What he did: Gavvy Cravath may be something of a forgotten man today, and I’ve confused him with Gabby Hartnett and Gabby Street before. Mostly, Cravath can be remembered as a name that shows up again and again on the National League home run leader boards of the Deadball Era. His 24 homers in 1915 was, to that time, a big league record. But he was slow in the field and played just seven full seasons in the majors. One of my baseball books suggests Cravath was born 55 years too soon, that he could have played into his 40s had the designated hitter position existed in his day. That’s an interesting thought, which I’m happy to expand on here.
Era he might have thrived in: The DH position debuted in 1973 when the New York Yankees made Ron Blomberg baseball’s first full-time hitter. Seeing as Cravath was born in 1881, moving his birth date up 55 years would seem insufficient to extend his career much or boost his Hall of Fame case. He’d perhaps be little more than a glorified version of another slow-moving slugger Frank Howard, who was born in 1936 and got just one season at the end of his career to DH. But if Cravath had been born in say, 1951, he might have been baseball’s first superstar DH.
Why: Cravath’s problem wasn’t that he couldn’t stick in the big leagues once he finally had a starting position. It’s that it took him until he was 31 to get it.
A native of Escondido, California, Cravath began playing in the Pacific Coast League and was 27 when he debuted with the Boston Red Sox in 1908. But he couldn’t penetrate Boston’s vaunted outfield of Harry Hooper, Tris Speaker, and Duffy Lewis, one of baseball’s greatest, and Cravath bounced to a few other American League clubs before returning to the minors. When Cravath finally earned a starting spot with the Philadelphia Phillies in 1912, he quickly made up for lost time and took advantage of his cozy home park, the Baker Bowl, leading the National League in home runs six of the next eight seasons.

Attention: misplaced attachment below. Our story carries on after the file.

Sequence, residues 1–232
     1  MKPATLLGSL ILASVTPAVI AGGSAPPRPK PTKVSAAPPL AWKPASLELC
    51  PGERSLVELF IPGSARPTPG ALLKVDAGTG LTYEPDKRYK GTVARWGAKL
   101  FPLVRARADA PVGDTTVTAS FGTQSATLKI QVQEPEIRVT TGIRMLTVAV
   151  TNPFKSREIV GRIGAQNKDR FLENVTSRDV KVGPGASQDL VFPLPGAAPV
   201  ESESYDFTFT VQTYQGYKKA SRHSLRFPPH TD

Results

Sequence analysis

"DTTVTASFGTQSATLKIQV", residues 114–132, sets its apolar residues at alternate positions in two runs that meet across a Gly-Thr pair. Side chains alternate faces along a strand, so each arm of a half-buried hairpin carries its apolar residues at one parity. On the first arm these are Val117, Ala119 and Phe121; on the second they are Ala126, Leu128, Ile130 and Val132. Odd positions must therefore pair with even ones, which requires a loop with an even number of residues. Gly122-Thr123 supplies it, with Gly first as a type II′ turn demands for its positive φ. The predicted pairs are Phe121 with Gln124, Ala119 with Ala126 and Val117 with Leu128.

Cravath’s 119 home runs were a record when he retired at the dawn of the Live Ball Era in 1920, even if Babe Ruth quickly set this aside. But in the modern era, Cravath could make the majors as a full-time DH in his early 20s, last 15 or 20 seasons, and maybe hit 400-500 home runs. I’m guessing his 1915 season alone, when he clubbed 24 homers, unheard of for those days, might be good for 50 today. And seeing as Cravath played until he was 40, when few lasted that long, I wonder if he’d have even greater durability with modern medicine. The man exuded strength, becoming a no-nonsense judge after baseball. Even his name sounds tough.
Granted, playing in recent decades, Cravath wouldn’t have the 279-foot right field limits of his old stomping grounds, the Baker Bowl, which closed in 1938. Still, as a right-handed hitter with the ability to go to the opposite field, Cravath might thrive in old Yankee Stadium. He’d certainly trump Blomberg who, even with the chance to DH starting at 24, had 52 home runs lifetime and played his final game at 30.
Any player/Any era is a Thursday feature here that looks at how a player might have done in an era besides his own.
Others in this series: Albert Pujols, Babe Ruth, Bad News Rockies, Barry Bonds, Bob Caruthers, Bob Feller, Bob Watson, Carl Mays, Charles Victory Faust, Denny McLain, Dom DiMaggio, Eddie Lopat, Frank Howard, Fritz Maisel, George Case, George Weiss, Harmon Killebrew, Harry Walker, Home Run Baker, Honus Wagner, Ichiro Suzuki, Jack Clark, Jackie Robinson, Jimmy Wynn, Joe DiMaggio, Joe Posnanski, Johnny Antonelli, Johnny Frederick, Josh Hamilton, Ken Griffey Jr., Lefty O’Doul, Matty Alou, Michael Jordan, Monte Irvin, Nate Colbert, Paul Derringer, Pete Rose, Prince Fielder, Ralph Kiner, Rickey Henderson, Roberto Clemente, Rogers Hornsby, Sam Thompson, Sandy Koufax, Shoeless Joe Jackson, Stan Musial, Ted Williams, The Meusel Brothers, Ty Cobb, Wally Bunker, Willie Mays